ELMHURST - Monica Anderson, of the 300 block of Walnut Street in Elmhurst, is one of many residents who has experienced the effects of the O'Hare runway rotation tests' use of the 4R 22L runway.
She and her husband have lived in Elmhurst for 13 years. The three times they visited the area to look at the house they would ultimately buy airplanes were not landing, just taking off, she said. On the day they moved in, planes were landing frequently and she said she was so overwhelmed by the noise that they knocked on their neighbor's door.
"Welcome to Elmhurst ... that's the airplanes," she recalled the neighbor saying.
With the runway rotation testing, the 4R 22L runway is being used more frequently again.
Though she said she loves her neighbors and the area schools, she would consider moving if the change is permanent.
She has a petition that has been signed by about 200 people opposing the runway rotation testing, but wants the city to increase the public's awareness of the issue.
"We can only do so much. We really need the support of the city behind us," she said in public comment at the Public Affairs and Safety Committee meeting held Aug. 14 in the City Council chambers.
The committee unanimously approved a fly quiet report, which Alderman Bob Dunn said will be on the agenda at the next City Council meeting, Aug. 21.
The resolution states that Elmhurst residents have "suffered for many decades with air traffic noise and only realized limited relief from the air traffic noise when the [O'Hare Modernization Program] commenced," that the recent changes in the runway rotation program have "adversely affected the city of Elmhurst," and that "the utilization of east-west flight patterns represent the most efficient and effective implementation of air traffic at O'Hare."
The resolution concludes with stating that Elmhurst "strongly opposes the test program in that the test program utilizes runways affecting Elmhurst at a disproportionate rate," that corporate authorities "strongly support" completing the O'Hare Modernization Plan and "strong oppose" the Fly Quiet/Runway Rotation Test Program.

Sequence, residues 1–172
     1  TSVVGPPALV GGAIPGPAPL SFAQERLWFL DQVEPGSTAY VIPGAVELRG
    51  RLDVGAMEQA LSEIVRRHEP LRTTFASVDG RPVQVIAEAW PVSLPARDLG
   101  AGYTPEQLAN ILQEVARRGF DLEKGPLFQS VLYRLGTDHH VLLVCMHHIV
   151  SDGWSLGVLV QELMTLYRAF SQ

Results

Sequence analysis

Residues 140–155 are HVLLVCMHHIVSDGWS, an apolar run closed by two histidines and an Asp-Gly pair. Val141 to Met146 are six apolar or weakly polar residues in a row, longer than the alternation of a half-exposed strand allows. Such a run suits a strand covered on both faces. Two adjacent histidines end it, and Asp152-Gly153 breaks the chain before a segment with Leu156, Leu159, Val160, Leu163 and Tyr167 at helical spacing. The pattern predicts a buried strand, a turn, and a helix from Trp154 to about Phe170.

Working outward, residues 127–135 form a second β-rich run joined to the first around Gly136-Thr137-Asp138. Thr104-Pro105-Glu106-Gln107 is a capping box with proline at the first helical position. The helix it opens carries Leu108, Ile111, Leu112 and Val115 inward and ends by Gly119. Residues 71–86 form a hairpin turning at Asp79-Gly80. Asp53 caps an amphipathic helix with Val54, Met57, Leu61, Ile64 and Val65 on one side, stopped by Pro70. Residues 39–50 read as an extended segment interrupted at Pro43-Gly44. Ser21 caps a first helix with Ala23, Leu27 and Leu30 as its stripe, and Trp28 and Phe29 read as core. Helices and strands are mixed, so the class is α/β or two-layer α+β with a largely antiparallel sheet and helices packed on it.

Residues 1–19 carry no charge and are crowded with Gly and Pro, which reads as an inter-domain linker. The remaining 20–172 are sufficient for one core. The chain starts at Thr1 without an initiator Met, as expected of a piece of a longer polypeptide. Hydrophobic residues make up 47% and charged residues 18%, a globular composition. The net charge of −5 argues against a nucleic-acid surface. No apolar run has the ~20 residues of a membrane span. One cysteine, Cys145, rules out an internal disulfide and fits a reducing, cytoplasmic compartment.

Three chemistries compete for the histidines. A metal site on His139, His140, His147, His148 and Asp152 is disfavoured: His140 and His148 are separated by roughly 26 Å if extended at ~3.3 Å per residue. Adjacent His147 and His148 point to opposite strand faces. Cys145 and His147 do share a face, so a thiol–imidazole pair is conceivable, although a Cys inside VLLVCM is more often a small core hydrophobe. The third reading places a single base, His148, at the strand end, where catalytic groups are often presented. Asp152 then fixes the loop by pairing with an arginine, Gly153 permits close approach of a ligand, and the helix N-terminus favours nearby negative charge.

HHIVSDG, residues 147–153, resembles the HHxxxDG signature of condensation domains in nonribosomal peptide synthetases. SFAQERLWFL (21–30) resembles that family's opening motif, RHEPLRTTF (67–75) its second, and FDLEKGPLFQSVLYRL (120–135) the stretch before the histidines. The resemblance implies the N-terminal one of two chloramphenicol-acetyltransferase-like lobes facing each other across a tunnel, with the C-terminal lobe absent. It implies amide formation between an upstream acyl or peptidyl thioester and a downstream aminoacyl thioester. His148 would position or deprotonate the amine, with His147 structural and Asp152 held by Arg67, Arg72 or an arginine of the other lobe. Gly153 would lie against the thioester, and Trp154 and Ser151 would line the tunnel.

"It was obvious that it was an inequitable use of the runways," Dunn said about the third test of Fly Quiet's runway rotation program.
The third runway rotation test at O'Hare International Airport includes a 12-week schedule, which started July 23 and is scheduled to continue through Oct. 15. Runway 4R 22L is on the schedule every other week.
"I want you all to know that myself and the rest of the elected officials and city staff are very focused on this," he said at the meeting, addressing the attendees.
Anderson suggested that the aldermen do more to notify the public, including asking Dunn to post about the details of the runway rotation program and its effects on his Facebook page. Committee chairman Alderman Scott Levin said he did not have a Facebook page. Information about Fly Quiet and the runway rotation program is slated to be included on the front page of the next Front Porch newsletter.
"We could have the best data and the best arguments, but we don't have the votes," Levin said.
Elmhurst has one seat at the table of the 58-member O'Hare Noise Compatibility Commission.
To voice opposition to the runway rotation, residents can contact U.S. Rep. Mike Quigley, D-Chicago, at quigley.house.gov, file a noise complaint at 800-435-9569 or chicagonoisecomplaint.com, or complete a Chicago Department of Aviation Fly Quiet survey at surveymonkey.com/r/872FZNF.
To learn more about the third runway rotation test at O'Hare International Airport, visit airportprojects.net/flyquiettest/about. To learn more about the runway rotation program, visit oharenoise.org.